NEW DELHI: A right-wing social activist in India filed a petition asking the country’s top court to order a probe into Facebook and WhatsApp over revelations that a piece of spyware had exploited vulnerabilities in the popular messaging app to snoop on hundreds of devices.
The petition could present a new legal headache for WhatsApp and its parent Facebook in India, where it has already been hit by backlash over fake news messages and a lawsuit around its adherence to data localization norms that together have delayed the launch of a payments service on WhatsApp, which is used by over 400 million Indians. K.N. Govindacharya filed his petition on Monday, just days after Facebook sued Israeli surveillance firm NSO Group, accusing it of helping clients break into the phones of roughly 1,400 users across four continents. The targets of the hacking spree included diplomats, political dissidents, and journalists, along with both military and government officials.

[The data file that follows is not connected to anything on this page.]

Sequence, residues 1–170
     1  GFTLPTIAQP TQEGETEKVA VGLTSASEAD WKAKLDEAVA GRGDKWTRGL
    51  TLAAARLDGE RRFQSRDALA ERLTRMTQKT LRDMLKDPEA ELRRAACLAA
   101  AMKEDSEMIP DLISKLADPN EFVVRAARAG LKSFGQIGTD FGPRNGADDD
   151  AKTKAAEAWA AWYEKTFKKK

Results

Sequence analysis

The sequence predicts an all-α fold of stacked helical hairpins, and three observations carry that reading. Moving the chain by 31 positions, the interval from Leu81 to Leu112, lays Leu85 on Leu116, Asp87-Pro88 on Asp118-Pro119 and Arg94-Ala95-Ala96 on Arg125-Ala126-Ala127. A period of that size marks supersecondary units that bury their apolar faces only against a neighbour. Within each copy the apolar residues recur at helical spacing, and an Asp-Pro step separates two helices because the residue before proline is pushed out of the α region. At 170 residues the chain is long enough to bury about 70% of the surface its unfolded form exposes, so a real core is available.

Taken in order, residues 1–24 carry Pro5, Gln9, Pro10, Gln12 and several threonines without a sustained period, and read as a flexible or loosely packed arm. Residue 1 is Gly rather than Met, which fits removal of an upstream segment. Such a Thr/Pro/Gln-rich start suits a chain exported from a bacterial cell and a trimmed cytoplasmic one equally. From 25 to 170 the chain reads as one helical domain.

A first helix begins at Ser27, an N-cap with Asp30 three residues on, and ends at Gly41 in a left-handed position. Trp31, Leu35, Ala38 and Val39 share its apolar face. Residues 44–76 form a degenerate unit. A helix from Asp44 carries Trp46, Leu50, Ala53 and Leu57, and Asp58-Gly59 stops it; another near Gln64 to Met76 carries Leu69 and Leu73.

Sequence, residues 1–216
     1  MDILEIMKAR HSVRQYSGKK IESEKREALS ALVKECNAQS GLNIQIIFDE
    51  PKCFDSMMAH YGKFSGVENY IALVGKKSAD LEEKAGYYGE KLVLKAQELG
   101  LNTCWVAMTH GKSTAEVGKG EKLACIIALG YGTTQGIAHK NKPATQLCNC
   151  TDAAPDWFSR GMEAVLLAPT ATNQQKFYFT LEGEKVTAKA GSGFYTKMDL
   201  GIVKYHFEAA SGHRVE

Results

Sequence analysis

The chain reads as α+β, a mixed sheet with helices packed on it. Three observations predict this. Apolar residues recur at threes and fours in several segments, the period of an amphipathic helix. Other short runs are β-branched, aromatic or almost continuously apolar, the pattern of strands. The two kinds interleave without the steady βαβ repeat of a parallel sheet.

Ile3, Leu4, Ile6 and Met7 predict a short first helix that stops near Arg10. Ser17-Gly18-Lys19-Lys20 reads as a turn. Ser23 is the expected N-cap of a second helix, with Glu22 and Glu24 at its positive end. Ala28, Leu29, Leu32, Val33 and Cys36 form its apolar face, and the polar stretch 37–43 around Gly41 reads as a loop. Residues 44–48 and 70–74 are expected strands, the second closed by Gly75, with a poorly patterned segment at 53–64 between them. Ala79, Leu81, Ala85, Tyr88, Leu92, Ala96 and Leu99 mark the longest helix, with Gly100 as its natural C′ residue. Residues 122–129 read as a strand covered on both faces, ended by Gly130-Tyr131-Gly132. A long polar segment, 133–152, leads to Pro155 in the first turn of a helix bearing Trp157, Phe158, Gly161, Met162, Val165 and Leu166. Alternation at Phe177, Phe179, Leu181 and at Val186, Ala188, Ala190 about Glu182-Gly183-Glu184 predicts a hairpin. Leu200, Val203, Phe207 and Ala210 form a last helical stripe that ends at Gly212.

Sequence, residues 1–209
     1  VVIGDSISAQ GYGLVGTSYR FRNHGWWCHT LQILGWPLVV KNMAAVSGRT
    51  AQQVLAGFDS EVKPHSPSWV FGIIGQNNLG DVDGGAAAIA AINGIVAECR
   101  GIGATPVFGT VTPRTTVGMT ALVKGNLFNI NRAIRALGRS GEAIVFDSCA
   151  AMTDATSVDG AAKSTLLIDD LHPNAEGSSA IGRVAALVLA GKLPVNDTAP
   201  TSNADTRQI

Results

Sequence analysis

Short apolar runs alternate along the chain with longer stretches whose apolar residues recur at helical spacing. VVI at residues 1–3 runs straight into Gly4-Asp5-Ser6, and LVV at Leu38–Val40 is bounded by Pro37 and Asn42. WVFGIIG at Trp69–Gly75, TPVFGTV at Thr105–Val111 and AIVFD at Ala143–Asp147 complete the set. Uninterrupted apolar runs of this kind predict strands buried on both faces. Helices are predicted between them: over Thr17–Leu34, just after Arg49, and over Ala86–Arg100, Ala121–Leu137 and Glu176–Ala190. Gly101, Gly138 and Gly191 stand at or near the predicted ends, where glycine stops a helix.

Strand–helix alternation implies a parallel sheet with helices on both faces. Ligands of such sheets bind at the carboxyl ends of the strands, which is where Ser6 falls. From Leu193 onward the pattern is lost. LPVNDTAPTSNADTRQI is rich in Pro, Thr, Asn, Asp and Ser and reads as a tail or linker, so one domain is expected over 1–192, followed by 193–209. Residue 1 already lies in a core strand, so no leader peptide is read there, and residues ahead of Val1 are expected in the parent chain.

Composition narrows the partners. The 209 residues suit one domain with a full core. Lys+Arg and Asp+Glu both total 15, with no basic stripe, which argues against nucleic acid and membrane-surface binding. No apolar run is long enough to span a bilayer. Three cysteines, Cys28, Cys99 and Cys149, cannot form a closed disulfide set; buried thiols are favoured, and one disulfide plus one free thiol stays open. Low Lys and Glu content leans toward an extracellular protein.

NSO has defended itself saying it only sells technology to government and intelligence agencies to counter-terrorism and crime.
Of those allegedly affected by NSO’s Pegasus spyware, 121 are based in India, according to two sources familiar with the matter.
Govindacharya, who has previously fought and won some court battles that have compelled social media companies to implement certain policy changes in India, asked the Supreme Court to direct the country’s counterterrorism agency to probe Facebook, WhatsApp and NSO for breaching the privacy of Indian users, according to a copy of the petition reviewed by Reuters.
Govindacharya, who himself has not been affected by the WhatsApp breach, is also seeking “perjury proceedings against the company for deliberately misleading” the courts in another matter for having claimed, “that users data is fully encrypted and no one including WhatsApp has the key.”